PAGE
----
A child might not like spelling, practicing reading, or arithmetic very much. They may not be "interesting". But he also knows that if he wants to be independent like adults, he has to learn to do these things. So he chooses to do them for that reason. This is also motivation. He learns to read so that he can do it later so that he can be independent. He does not practice reading so that he can get a big number or A beside his name, or a pat on the head. I have deliberately used two different words: "learn to read" and "practice reading".

When it goes with following your inner impulse, something dangerous can happen and we see it in music. People begin when they are feeling "inspired". Then they hit a dry patch where the interest isn't there anymore. They think that it's the inspiration that carried them and made them learn, so they are devastated when the magic is gone. At this point you go to the "choosing" kind of "motivation". You keep practicing (or studying) even when you feel nothing and you think nothing is happening. A bit later that dry spell of practising has accumulated to new skills, and that realization brings in still another kind of motivation. Now you know that what was hard becomes easy, and this is sweet!

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#2005513 - 12/28/12 12:21 PM Re: What is your merit system? Are we materialistic? [Re: keystring]
LoPresti Offline
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Registered: 12/07/10
Posts: 1304
Loc: New York
Originally Posted By: keystring
Originally Posted By: LoPresti
. . . Once the interest, the INTERNAL motivation, tapers off, so does the excellent performance.

I wouldn't want it to stay at that either. I guess everything in life is a balance. The thing I would not want is where someone only follows his inner muse or impulses. There is also choosing involved, and some of that choosing involves things that you may not like to do and that you do not find interesting. I wonder if I can explain this better.

KeyString,
You do not have to explain it to me - I already understand it. But I would like you to explain it to my grandchildren. God knows, I have tried.
Ed
_________________________
In music, everything one does correctly helps everything else.

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#2005518 - 12/28/12 12:27 PM Re: What is your merit system? Are we materialistic? [Re: Nannerl Mozart]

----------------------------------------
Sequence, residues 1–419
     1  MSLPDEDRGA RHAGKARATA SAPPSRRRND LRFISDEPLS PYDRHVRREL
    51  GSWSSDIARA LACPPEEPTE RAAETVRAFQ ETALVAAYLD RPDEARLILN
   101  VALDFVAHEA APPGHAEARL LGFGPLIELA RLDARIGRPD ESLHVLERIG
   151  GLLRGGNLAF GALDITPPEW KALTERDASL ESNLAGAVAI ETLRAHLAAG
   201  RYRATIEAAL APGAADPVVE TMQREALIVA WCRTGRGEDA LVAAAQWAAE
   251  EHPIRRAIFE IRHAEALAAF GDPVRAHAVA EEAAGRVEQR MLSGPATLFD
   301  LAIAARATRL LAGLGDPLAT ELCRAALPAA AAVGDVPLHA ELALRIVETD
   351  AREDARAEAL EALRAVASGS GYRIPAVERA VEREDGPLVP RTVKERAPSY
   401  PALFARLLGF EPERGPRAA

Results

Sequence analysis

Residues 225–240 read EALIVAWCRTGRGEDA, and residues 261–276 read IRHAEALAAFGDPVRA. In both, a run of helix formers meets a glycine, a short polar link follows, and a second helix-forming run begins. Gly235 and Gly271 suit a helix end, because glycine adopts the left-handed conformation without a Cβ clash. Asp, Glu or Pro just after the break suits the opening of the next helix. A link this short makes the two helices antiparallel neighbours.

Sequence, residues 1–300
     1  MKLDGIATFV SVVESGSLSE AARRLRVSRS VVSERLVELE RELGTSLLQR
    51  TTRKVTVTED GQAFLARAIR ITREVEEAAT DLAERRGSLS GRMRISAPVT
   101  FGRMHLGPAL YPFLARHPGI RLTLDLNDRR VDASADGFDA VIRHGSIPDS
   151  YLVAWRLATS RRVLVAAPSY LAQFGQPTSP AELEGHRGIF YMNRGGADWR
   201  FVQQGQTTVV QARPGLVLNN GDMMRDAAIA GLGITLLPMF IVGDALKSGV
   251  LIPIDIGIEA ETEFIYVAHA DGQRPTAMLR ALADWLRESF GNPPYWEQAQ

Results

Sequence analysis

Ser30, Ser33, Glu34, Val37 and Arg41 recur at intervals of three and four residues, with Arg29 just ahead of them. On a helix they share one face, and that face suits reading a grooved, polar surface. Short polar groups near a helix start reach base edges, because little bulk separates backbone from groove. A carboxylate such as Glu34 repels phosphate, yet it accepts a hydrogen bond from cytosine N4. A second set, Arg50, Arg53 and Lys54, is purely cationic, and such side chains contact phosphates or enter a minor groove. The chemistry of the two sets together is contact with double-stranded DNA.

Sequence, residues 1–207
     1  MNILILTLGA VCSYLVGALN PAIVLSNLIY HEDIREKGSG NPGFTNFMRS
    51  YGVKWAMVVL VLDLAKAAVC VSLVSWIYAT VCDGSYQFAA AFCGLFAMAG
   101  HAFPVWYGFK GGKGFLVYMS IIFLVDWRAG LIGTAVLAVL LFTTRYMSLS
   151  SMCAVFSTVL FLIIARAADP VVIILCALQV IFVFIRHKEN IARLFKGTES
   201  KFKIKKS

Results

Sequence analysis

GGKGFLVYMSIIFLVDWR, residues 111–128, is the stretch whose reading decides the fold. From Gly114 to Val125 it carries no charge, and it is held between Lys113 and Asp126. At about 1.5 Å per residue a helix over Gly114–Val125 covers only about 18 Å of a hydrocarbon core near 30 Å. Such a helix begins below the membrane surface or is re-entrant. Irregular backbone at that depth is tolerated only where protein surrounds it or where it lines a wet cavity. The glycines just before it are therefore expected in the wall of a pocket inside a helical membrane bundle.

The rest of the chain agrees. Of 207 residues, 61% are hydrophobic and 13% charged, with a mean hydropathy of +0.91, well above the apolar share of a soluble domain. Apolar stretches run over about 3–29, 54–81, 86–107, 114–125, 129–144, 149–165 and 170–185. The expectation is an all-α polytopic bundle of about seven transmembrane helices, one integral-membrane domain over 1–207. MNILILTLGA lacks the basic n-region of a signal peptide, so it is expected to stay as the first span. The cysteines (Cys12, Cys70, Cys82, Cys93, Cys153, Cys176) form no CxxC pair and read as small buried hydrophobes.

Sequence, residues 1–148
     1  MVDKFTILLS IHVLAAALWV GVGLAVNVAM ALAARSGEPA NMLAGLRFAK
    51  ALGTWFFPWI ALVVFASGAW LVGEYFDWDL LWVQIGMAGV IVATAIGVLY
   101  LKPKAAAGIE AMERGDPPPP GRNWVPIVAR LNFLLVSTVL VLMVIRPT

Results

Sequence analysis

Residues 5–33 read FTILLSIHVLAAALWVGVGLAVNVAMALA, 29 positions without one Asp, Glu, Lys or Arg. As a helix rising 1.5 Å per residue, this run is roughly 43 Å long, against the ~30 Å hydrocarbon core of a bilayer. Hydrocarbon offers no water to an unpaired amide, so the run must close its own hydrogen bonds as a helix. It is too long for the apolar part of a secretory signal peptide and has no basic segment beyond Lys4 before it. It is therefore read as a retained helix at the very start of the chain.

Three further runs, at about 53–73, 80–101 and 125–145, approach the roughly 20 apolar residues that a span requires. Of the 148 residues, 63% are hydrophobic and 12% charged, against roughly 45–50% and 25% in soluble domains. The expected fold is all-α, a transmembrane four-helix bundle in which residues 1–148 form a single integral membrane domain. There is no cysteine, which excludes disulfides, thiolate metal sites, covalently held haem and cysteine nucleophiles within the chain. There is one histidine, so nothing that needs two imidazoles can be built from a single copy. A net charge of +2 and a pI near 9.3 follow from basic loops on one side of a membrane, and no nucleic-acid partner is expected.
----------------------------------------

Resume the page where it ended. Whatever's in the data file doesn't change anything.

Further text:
MaggieGirl Offline
Full Member

Registered: 09/18/11
Posts: 483
"Once the interest, the INTERNAL motivation, tapers off, so does the excellent performance."

I look at it differently. When you can do something well, the internal part is fed consistently. It's easy to keep it fed as long as the supply is steady. It's when the meals become farther and fewer that people usually look for something else to feel that feeling. So anyone taking lessons flies through the first book. Eventually though at the 2nd or third book is stops being "easy". The internal reward system goes into shock.

The grind - the "keep working through it" mode has to be taught to most people.

That is why in any undertaking the praise should be on the effort, not the results.

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#2005602 - 12/28/12 02:17 PM Re: What is your merit system? Are we materialistic? [Re: MaggieGirl]
TimR Offline
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Registered: 08/17/04
Posts: 3200
Loc: Virginia, USA
Originally Posted By: MaggieGirl
"Once the interest, the INTERNAL motivation,

That is why in any undertaking the praise should be on the effort, not the results.


I think so, too.

There was a study we talked about here where they paid kids for school. IIRC, the kids who earned money for As or test scores did no better than the control, but the kids who were paid per book read (for the effort, not the result) did considerably better.

Praise should be honest and specific, else it is ineffective and even resented. I've worked for a couple of bosses recently who gave very general praise "you're hard working and competent and doing great" that could have been read off a hallmark card without meeting us. But his complaints were detailed and specific "that's the third time that report was late and twice you've used the wrong format." One approach is perceived as more genuine than the other!